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FREE! 100 Years Ago: An Exploration of America’s Role in WWI

from Army Women's Museum

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In April 1917, the United States ended isolationism and
entered a war it had been avoiding for years. 
With the President Woodrow Wilson’s declaration of war, over 4 million
“doughboys” volunteered or were drafted for service in the U.S. Army.  In addition, thousands of women answered the
call to serve – providing skilled labor both at home and abroad.  Learn about these patriots by exploring artifacts
and archives from the U.S. Army Women’s Museum collection.

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About This Program


Multipoint: $0.00
Multipoint Premium: $0.00
Point to Point: $0.00
Point to Point Premium: $0.00


This and all programs offered by the U.S. Army Women's Museum are free.


45 minutes

Target Audience

Education: Grade(s) 5, 6, 7, 8, 9, 10, 11, 12Public Library: Library Patrons

Minimum participants:


Maximum participants:

There is no maximum, but for optimum interactivity, we suggest no more than 35 students.

Primary Disciplines

Social Studies/History

Program Delivery Mode

Videoconference - H.323 (Polycom, Cisco/Tandberg, LifeSize, etc...)
Videoconference – Webcam/desktop (Zoom, Skype, iChat, Vidyo, Movi/Jabber, Blue Jeans, etc...)

Booking Information

Programs are available Tuesday through Friday, between 8:00 a.m. and 4:00 p.m. Eastern time. If you are booking more than one program at a time please contact us to arrange scheduling before submitting requests via CILC.

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Receive this program and 9 more for one low price when you purchase the CILC Virtual Expeditions package. Learn more

For more information contact CILC at (507) 388-3672

Provider's Cancellation Policy

Cancellations must be submitted 48 hours prior to the scheduled videoconference.

About This Provider

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Army Women's Museum

Fort Lee, VA
United States

The U.S. Army Women's Museum serves as an educational institution, providing military history training and instruction to soldiers, veterans and the civilian community. The museum is the custodian and repository of artifacts and archival material pertaining to the service of women across all branches and organizations of the U.S. Army from inception to the present day. The museum collects, preserves, manages, interprets and exhibits these unique artifacts as a means to provide training and educational outreach.

Dr. Francoise Bonnell

Program Details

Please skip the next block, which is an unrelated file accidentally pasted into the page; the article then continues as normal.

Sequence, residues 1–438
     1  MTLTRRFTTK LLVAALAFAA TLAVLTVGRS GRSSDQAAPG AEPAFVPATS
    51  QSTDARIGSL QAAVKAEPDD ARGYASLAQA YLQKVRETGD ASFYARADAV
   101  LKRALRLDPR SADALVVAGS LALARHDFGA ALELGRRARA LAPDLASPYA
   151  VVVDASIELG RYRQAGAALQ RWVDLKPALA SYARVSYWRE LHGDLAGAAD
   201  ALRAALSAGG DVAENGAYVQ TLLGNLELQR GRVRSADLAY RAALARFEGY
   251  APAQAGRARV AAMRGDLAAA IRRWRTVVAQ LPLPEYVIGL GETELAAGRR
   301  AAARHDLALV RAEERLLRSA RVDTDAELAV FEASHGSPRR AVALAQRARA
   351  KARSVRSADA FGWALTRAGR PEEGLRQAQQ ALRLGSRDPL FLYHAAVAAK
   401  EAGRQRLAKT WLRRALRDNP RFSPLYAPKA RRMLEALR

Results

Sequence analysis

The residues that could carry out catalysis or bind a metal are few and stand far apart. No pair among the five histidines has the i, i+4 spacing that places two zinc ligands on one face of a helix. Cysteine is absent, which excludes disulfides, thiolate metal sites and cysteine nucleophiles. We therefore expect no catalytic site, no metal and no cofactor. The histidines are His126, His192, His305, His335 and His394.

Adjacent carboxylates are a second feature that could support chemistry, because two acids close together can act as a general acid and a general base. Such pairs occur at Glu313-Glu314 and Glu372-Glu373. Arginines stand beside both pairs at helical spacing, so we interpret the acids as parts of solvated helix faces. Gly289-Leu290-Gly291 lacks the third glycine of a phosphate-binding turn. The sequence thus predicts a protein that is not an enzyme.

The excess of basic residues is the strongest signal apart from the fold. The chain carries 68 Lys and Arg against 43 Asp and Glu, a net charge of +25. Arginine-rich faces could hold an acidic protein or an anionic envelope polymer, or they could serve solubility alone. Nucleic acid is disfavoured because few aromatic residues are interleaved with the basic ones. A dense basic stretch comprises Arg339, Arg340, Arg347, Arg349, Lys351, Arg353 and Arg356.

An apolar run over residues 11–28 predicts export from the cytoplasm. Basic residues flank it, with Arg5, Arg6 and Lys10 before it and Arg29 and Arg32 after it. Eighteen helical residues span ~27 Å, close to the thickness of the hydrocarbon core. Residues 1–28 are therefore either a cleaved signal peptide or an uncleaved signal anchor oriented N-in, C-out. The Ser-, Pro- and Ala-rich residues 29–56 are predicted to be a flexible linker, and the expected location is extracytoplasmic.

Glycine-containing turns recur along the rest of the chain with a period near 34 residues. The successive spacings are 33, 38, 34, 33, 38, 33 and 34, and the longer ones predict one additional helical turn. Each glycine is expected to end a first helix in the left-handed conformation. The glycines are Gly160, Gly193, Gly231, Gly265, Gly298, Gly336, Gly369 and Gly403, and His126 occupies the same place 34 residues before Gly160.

The program opens with an introduction to the U.S. Army Women’s Museum and a brief review of the role of museums, artifacts and archives.
Students then engage in an overview/review of WWI with an analysis of music written about the war.
Students are then introduced to the American “doughboy” through the use of artifacts and archives.
The role of women at home and abroad is explored through archives.
A study of the social impacts of The Great War and the service of American men and women, particularly the passage of the 19th Amendment, concludes the lesson.


The purpose of this lesson is to have students understand fundamental concepts of history during WWI, as they are introduced to the changing role of the United States in World History in the early 1900s through the eyes of Americans who served during this time period. Artifacts and archives are the basis of this lesson.

Standards Alignment

National Standards

ELA-LITERACY -- CCSS.ELA-LITERACY.11-12.RH.9 -- Reading Literacy in History/Social Studies: Reading Informational Text
ELA-LITERACY -- CCSS.ELA-LITERACY.6.RL.4 -- Reading: Literature
ELA-LITERACY -- CCSS.ELA-LITERACY.9-10.RH.1 -- Reading Literacy in History/Social Studies: Reading Informational TextNSS-USH.5-12.7 ERA 7: THE EMERGENCE OF MODERN AMERICA (1890-1930)

State Standards

Virginia Standards of Learning
USII.5.C The student will demonstrate knowledge of the changing role of the United States from the late nineteenth century through World War I by explaining the reasons for the United States’ involvement in World War I and its international leadership role at the conclusion of the war.
VUS.9.b The student will demonstrate knowledge of the emerging role of the United States in world affairs by evaluating United States involvement in World War I, including Wilson’s Fourteen Points, the Treaty of Versailles, and the national debate over treaty ratification and the League of
WHII.10a, b The student will demonstrate knowledge of the worldwide impact of World War I by
a) explaining economic causes, political causes, and major events and identifying major leaders of the war, with emphasis on Woodrow Wilson and Kaiser Wilhelm II;
b) explaining the outcomes and global effect of the war and the Treaty of Versailles.